The WWE reinitiated the brand extension concept this past July after USA Network executives complained about poor SmackDown ratings to WWE officials. The blue brand had clearly become second fiddle to the company’s flagship show, Monday Night RAW, running on tape delay with no real significant or noteworthy storyline progression.
Vince McMahon, WWE officials, and USA Network execs seemed content with RAW’s weekly performance, but in order to keep SmackDown afloat, a change had to be made. That change came in the form of the WWE splitting up their roster once again, conducting a draft, and dividing RAW and SmackDown into two unique and separate shows. SmackDown, of course, also changed from Fridays to Tuesdays, produced under the tried and true live format.
Whether the five months since the execution have been a success is debatable. The WWE has created new championships, new opportunities, and promoted new stars. However, SmackDown ratings, though up, are not on the same level as RAW, which had been a goal. Many critics have blamed the WWE for content overload, especially on pay-per-view weeks.
Still, USA touted their success as the number one ad-supported cable network in total viewers for the 11th consecutive year. And in their press release, they were sure to include WWE programming as a major part of it.
“Driven by hit new and returning series including COLONY, QUEEN OF THE SOUTH, SHOOTER, MR. ROBOT, SUITS and CHRISLEY KNOWS BEST and two nights per week of live action with WWE MONDAY NIGHT RAW and WWE SMACKDOWN LIVE, USA delivered an average of 1.68MM total viewers P2+ for the year…
HIGHLIGHTS FOR 2016 INCLUDE:
· USA was the #1 cable entertainment network on Monday nights with P18-49 and P2+, with the three-hour live WWE MONDAY NIGHT RAW garnering an average of 3.7MM total viewers P2+.
· Since moving to Tuesday nights in July, WWE SMACKDOWN LIVE saw double-digit increases: +25% P18-49 and +12% P2+, helping USA rank as the #1 cable entertainment network in its timeslot in those demos. Versus year-ago ratings, SMACKDOWN is up +46% among P18-49 and +17% among P2+.”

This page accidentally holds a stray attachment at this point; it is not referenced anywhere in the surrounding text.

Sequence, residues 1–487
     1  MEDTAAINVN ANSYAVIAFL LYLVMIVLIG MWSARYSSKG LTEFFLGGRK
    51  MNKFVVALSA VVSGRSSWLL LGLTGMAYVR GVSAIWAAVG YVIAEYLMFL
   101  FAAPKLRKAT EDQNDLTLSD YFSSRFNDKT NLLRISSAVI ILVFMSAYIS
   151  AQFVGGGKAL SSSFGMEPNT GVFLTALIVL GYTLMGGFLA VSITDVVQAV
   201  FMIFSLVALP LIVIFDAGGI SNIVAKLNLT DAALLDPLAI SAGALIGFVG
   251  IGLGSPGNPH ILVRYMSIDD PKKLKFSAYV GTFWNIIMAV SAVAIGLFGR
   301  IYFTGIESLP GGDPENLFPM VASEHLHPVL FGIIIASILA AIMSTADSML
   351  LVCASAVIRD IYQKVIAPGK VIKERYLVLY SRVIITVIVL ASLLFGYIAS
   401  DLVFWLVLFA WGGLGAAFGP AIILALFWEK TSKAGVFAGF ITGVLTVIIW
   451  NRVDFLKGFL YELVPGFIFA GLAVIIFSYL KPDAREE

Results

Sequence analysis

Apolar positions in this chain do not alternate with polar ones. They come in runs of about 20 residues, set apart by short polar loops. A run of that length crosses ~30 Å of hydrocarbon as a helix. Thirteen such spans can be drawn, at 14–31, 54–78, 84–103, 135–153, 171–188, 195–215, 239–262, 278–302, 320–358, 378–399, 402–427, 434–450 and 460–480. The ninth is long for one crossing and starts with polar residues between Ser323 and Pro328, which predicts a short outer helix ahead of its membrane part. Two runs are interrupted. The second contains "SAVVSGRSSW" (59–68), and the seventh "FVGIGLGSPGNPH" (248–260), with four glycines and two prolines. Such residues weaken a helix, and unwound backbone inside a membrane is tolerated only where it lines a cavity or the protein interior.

USA might view the brand split as an improvement, but WWE officials are concerned with one major aspect of their own business model. According to Cageside Seats, there has not been significant interest in brand-exclusive pay-per-views since the extension, which may force the WWE to reconsider how the shows are presented.
Because most people watch the pay-per-views via the WWE Network, the company measures that interest in internet searches and social media scores. Those rankings have been low for brand-exclusive shows including recent productions like TLC and Roadblock: End of the Line.
Because of the poor performances online, the WWE is now considering doing away with brand-exclusive pay-per-views in 2017. They’ve already discussed decreasing the total number of pay-per-views for next year as it is, but this would add an entirely new wrinkle. It would be the same methodology the WWE used the last time a true brand split was integrated, ultimately resulting in superstars appearing on both brands and dissolving the split altogether.
This doesn’t necessarily mean that the extension would go away, but it likely means less of those opportunities we mentioned in the beginning of the article. Many wrestlers touted those fresh opportunities when the WWE announced their plans because of the smaller roster sizes. But if brand-exclusive pay-per-views went away, then only the top programs from RAW and SmackDown would be featured on the special events.
As far as the USA Network is concerned, as long as the WWE continues to fill five hours of their programming schedule each week with sufficient ratings, they won’t care how it’s done. But considering that the company is already considering reverting back less than six months into the split is a clear indication that something needs to change.
[Featured Image by WWE]